Be Prepared, Not Scared.
While it’s scary to think about … knowing what to do in an active shooter situation could save your life.
Workplace violence is a growing concern for employers nationwide, and it is now the third leading cause of occupational death and the fastest growing type of homicide in the United States. The cost of workplace violence is about 4 billion dollars annually, including employee injuries, property damage, lost productivity, lost sales, and negligence lawsuits. Workplace violence often times involves an active shooter situation.
Run, Hide, Fight
When confronted with an active shooter situation remember: Run, Hide, Fight.
- Take note of the nearest exits in any facility you visit – have an escape route and plan in mind.
- Evacuate if it is safe to do so – leave your belongings behind and keep your hands visible.
- If it is not safe to evacuate – shelter in place – try to get into a room and secure the door as best as possible.
- Silence the ringer and vibration features on your cell phone.
- Turn off the lights if possible and stay as low to the ground as possible.
- As a last resort, and only when your life is in imminent danger, when the shooter is in close range and you cannot flee:
- Attempt to incapacitate the shooter.
- Act with aggression and use any means at your disposal.
- When in doubt, call the police. Trust your instincts!
Active Shooter Preparation Video
In the 20-second video below, Beacon’s Senior Loss Prevention Consultant, Armand Bilodeau, explains what to do to help you and your employees survive an active shooter situation:
Steps to Preventing Workplace ViolenceNothing can guarantee employee safety from workplace violence, but there are steps employers and employees can take to minimize the risk:
- Notify management or supervisors about any concerns regarding safety and security.
- Take every threat seriously. Never underestimate the potential for violence.
- Secure the workplace and where applicable install video surveillance, extra lighting, and alarm systems. Minimize access by outsiders through identification badges, electronic keys, and guards.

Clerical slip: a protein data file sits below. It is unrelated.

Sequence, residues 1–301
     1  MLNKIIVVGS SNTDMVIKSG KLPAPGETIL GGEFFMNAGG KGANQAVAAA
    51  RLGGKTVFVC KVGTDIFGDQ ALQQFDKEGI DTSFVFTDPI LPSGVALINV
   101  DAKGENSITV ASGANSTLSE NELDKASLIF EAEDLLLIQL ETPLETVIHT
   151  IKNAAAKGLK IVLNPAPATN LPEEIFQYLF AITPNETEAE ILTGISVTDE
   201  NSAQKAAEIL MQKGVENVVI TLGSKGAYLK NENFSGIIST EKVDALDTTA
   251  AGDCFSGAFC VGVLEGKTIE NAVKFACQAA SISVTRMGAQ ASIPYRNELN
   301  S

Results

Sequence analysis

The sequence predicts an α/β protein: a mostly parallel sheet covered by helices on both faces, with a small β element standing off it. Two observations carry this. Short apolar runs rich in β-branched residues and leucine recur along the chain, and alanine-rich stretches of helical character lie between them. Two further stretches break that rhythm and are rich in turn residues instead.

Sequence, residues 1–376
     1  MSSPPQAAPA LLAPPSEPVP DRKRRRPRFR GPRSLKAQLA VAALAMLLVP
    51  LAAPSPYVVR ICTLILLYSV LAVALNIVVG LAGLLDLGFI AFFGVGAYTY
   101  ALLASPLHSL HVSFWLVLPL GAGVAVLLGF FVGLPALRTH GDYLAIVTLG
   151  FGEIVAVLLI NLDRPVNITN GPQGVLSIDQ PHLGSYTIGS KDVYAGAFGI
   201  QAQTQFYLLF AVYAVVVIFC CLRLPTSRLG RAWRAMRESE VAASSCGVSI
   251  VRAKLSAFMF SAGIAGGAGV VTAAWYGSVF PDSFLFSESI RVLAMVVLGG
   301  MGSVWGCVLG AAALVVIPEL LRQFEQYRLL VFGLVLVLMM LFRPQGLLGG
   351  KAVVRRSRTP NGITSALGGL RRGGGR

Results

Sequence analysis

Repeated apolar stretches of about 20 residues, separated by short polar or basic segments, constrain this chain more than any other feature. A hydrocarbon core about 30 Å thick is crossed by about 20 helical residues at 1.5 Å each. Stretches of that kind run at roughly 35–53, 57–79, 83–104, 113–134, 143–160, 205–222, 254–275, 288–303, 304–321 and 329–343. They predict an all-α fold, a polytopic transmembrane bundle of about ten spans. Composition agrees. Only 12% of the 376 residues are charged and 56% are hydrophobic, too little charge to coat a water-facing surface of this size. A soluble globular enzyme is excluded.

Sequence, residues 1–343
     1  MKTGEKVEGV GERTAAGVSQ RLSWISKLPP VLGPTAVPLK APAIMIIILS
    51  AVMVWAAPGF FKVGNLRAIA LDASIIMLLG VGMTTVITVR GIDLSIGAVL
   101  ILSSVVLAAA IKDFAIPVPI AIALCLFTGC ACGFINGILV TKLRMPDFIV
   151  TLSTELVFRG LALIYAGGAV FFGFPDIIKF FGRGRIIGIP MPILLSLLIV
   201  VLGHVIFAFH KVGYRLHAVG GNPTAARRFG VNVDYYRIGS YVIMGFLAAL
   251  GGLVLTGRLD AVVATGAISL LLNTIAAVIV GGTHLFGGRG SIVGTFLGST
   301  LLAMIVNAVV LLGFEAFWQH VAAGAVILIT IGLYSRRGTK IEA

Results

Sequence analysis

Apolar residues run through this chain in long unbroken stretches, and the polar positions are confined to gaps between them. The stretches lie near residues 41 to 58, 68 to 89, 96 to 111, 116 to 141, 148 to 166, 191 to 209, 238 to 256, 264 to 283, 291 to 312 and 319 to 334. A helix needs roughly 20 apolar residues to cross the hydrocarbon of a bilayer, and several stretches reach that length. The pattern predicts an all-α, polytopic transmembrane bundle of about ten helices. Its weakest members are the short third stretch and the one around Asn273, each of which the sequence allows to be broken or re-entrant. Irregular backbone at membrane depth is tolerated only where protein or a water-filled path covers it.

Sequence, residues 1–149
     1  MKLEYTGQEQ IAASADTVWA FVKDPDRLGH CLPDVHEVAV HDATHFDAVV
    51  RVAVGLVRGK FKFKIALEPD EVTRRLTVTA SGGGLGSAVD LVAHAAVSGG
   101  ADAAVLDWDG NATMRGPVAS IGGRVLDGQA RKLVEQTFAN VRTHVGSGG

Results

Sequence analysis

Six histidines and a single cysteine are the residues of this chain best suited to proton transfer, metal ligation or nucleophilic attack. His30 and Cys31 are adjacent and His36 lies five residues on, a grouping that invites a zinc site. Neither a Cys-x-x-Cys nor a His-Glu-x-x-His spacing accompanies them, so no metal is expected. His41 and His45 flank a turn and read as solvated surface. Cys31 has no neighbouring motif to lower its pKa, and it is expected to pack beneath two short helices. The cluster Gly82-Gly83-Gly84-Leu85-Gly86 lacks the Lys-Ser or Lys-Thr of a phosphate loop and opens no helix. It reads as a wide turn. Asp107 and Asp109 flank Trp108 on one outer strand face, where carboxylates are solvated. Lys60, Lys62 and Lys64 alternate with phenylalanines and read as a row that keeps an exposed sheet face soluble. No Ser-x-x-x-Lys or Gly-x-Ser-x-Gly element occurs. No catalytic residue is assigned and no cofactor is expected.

- Instruct employees not to enter any location where they feel unsafe. Introduce a “buddy system” or provide an escort service or police assistance in potentially dangerous situations or at night.
- Develop policies and procedures covering visits by home healthcare providers. Address the conduct of home visits, the presence of others in the home during visits, and the worker’s right to refuse to provide services in a clearly hazardous situation.
- Always position yourself in such a manner to provide a way to the exit if a person becomes violent.
- Let others know what you are doing so they can monitor your safety.
- Educate yourself and your employees. Download the Violence in the Workplace Safety Alert or the Active Shooter Poster which describe when to run, when to hide, when to fight, and when to call 911.
Violence in the Workplace Training
Would you know what to do in the event of a violent act in your workplace? Every organization should have a workplace violence prevention plan and Beacon is here to help. This webinar will cover many of the aspects of violence in the workplace including an active shooter, types of workplace violence, individual traits to watch for, warning signs, prevention techniques, what to expect from the police response, how to protect yourself and others, risk assessment, security and safety tips, reporting and handling procedures, and OSHA regulations and requirements.